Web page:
Ad warfare between super PACs dominated the Republican primary season, with Mitt Romney, Newt Gingrich and Rick Santorum all leaning heavily on outside groups. But according to a new report from the Wesleyan Media Project, Ron Paul's still-active campaign has made far less use of super PACs than his GOP rivals.
Paul-supporting super PACs were responsible for only 8.8 percent of ads touting the candidate from January to March. That amount trailed by 10 percent the amount of super PAC ads backing President Barack Obama, who shunned super PACs entirely until February. It also was 50 percent less than super PAC-made ads for Romney. Ads supporting Paul (including ones from his campaign as well as super PACs) outnumbered all the ads supporting either Santorum and Gingrich, both of whom were considered far more serious candidates.
Paul-supporting super PACs tend to be smaller than their counterparts; the largest, Endorse Liberty, had raised just $3.6 million through the end of March. Peter Thiel, an original investor in Facebook and StumbleUpon, runs Endorse Liberty and steered its money toward Internet ads rather than TV spots. Santa Rita Super PAC, which raised less than $500,000, ran occasional TV spots for Paul.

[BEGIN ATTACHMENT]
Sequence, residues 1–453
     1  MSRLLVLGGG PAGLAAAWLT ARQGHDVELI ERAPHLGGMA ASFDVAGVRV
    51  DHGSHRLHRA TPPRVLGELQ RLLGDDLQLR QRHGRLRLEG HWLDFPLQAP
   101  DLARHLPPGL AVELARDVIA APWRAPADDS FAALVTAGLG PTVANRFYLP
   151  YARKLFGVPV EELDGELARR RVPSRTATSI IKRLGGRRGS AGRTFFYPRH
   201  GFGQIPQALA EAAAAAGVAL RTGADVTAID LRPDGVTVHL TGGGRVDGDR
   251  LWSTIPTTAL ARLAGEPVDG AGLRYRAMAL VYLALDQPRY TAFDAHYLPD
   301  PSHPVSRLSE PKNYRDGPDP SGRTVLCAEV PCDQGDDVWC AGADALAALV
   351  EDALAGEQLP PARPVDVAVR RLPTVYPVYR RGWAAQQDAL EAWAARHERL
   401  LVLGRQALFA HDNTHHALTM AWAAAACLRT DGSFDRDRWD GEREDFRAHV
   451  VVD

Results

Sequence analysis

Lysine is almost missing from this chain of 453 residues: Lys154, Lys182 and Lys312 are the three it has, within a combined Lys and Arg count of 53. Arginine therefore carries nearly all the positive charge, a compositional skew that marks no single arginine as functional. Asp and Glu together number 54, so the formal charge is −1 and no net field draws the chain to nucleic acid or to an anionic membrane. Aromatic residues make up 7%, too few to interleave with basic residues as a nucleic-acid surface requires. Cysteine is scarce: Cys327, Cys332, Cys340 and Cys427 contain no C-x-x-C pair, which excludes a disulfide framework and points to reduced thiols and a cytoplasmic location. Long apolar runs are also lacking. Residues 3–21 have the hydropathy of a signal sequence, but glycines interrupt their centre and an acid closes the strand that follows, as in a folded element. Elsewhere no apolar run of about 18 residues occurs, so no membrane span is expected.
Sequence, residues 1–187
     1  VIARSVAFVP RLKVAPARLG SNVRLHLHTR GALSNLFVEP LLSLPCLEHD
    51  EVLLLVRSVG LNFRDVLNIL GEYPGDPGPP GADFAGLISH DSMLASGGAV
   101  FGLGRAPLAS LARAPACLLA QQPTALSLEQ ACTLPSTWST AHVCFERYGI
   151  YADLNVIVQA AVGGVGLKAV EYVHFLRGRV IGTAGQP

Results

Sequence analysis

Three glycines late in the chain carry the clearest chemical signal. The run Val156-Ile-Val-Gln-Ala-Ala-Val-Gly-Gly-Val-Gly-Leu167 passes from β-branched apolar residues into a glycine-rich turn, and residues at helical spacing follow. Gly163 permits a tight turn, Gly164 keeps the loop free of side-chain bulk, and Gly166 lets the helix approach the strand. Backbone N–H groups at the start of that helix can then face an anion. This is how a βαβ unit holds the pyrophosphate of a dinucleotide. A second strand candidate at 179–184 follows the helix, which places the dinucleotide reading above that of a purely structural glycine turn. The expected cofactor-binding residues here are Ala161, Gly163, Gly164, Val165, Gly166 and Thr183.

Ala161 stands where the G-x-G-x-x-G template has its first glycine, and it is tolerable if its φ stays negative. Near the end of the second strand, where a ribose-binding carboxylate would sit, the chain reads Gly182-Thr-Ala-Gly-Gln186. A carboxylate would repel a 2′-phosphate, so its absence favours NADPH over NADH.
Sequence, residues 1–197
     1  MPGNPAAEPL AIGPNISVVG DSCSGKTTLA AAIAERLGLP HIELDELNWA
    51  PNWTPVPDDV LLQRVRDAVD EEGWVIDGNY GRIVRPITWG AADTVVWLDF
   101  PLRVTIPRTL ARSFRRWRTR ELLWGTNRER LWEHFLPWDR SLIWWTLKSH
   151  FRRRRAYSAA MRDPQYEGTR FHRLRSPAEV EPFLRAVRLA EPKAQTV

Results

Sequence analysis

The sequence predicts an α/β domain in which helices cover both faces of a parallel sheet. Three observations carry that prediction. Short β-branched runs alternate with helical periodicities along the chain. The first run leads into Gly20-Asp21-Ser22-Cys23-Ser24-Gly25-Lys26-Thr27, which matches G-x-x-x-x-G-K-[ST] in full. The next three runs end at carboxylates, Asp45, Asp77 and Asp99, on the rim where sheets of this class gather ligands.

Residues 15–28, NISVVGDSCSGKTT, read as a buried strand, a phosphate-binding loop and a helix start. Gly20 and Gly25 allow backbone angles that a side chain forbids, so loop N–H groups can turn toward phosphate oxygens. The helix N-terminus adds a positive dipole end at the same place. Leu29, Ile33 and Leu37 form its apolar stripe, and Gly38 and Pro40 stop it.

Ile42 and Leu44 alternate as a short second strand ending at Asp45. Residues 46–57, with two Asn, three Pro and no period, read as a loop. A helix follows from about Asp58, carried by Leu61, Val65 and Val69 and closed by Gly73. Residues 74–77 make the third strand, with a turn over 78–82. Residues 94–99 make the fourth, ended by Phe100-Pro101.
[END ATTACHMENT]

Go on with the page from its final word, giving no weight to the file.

While Paul is a major long shot to challenge Romney, he has quietly gained ground in the delegate count at the state level, fueling hopes for his supporters that they can nominate him from the floor of the Republican convention in Tampa, Fla.
His independence and the fact that he is the only challenger remaining may be considered a good omen by observers worried about the influence of super PACs on elections.